Comparative phenotypic and CARD15 mutational analysis among African American, Hispanic, and White children with Crohn's disease.

Published

Journal Article

BACKGROUND: Despite a large body of literature on the subject of Crohn's disease (CD), very little information is available on racial/ethnic differences related to disease presentation, clinical course, and genetics. The first identified CD susceptibility gene, CARD15, seems to be present in up to 40% of white children with CD. However, the frequency of this gene among patients with CD of other racial/ethnic groups in the United States is not known. METHODS: We conducted a multicenter study on African American and Hispanic children with CD to describe the phenotypic and genotypic (CARD15) features in comparison with white children with CD. We also analyzed the frequency of CARD15 mutations in large control samples from white, African American, and Hispanic children. RESULTS: The disease location and behavior were similar among all 3 groups, with inflammatory behavior and the ileocolonic location being the most frequent phenotype. However, significantly lower frequencies of CARD15 mutations were seen in African American (P < 0.0001) and Hispanic (P < 0.0001) children with CD compared with white children with CD. This lower CARD15 frequency among African American patients with CD was also mirrored in the general population. CONCLUSIONS: Phenotypic features of CD are similar among African American and Hispanic children compared with white children. CARD15 mutations are not increased among African American and Hispanic children with CD. CARD15 mutational frequencies among African American and Hispanic children within the general population are lower compared with white children within the general population. Future genetics studies will be required to determine the relationships between genotype and CD phenotype in various ethnic and racial groups.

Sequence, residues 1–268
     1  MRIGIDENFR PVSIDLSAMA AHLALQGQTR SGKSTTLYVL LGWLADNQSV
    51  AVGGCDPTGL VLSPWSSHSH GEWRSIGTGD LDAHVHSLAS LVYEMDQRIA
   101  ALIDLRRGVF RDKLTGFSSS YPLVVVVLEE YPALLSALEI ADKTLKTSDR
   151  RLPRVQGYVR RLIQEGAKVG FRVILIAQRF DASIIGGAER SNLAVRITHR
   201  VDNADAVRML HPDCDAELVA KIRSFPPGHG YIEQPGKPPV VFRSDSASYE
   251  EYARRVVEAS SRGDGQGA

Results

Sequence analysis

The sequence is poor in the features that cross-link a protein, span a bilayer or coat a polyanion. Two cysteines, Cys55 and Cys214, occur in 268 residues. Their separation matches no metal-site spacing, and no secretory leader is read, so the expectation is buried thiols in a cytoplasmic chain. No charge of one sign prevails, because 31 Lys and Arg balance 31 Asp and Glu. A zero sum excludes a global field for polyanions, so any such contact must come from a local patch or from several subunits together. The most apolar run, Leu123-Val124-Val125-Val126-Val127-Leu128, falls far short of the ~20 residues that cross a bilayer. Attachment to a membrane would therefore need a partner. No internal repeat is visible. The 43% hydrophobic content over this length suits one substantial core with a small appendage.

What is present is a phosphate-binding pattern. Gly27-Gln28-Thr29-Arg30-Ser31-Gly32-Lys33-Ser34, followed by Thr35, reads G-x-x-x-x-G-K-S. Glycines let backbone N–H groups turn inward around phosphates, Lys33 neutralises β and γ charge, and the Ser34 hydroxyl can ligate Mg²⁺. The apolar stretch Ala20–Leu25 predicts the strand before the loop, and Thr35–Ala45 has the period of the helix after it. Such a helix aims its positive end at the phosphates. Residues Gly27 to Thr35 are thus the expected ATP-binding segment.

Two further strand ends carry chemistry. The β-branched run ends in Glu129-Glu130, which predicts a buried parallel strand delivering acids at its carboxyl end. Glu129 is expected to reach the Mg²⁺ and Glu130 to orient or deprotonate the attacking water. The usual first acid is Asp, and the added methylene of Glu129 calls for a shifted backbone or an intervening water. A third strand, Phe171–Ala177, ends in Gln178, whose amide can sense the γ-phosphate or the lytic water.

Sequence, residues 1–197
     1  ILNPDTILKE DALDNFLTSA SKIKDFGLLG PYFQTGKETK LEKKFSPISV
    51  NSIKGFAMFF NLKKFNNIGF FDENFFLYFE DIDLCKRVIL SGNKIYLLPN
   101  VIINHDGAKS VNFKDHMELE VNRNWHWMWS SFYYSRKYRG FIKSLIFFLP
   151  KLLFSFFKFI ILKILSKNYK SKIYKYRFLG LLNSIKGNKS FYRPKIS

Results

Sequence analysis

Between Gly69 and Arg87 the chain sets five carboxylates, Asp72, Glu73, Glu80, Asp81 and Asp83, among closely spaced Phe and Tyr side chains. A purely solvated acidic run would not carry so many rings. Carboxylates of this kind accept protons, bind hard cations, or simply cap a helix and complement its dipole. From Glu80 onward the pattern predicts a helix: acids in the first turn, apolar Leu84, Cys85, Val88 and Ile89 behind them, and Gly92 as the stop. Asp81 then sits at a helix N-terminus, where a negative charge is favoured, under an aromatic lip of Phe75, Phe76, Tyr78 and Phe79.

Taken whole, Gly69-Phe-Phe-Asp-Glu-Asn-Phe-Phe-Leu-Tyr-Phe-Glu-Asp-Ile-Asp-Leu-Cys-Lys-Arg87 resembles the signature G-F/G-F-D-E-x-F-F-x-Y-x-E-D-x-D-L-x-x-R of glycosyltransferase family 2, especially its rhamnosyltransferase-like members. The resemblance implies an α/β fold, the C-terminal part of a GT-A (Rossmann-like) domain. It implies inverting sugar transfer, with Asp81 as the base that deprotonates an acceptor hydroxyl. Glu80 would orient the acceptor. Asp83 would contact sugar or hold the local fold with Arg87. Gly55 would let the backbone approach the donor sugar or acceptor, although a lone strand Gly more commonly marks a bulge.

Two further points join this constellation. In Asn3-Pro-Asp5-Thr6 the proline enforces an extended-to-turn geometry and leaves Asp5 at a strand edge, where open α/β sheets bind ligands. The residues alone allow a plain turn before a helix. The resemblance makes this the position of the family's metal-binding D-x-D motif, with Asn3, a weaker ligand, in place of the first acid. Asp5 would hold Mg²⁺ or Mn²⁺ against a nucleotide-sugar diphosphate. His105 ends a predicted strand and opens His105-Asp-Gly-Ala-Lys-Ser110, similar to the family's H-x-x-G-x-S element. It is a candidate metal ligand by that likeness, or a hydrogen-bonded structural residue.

Full Text

Duke Authors

Cited Authors

  • Kugathasan, S; Loizides, A; Babusukumar, U; McGuire, E; Wang, T; Hooper, P; Nebel, J; Kofman, G; Noel, R; Broeckel, U; Tolia, V

Published Date

  • July 2005

Published In

Volume / Issue

  • 11 / 7

Start / End Page

  • 631 - 638

PubMed ID

  • 15973116

Pubmed Central ID

  • 15973116

International Standard Serial Number (ISSN)

  • 1078-0998

Digital Object Identifier (DOI)

  • 10.1097/01.mib.0000171279.05471.21

Language

  • eng

Conference Location

  • England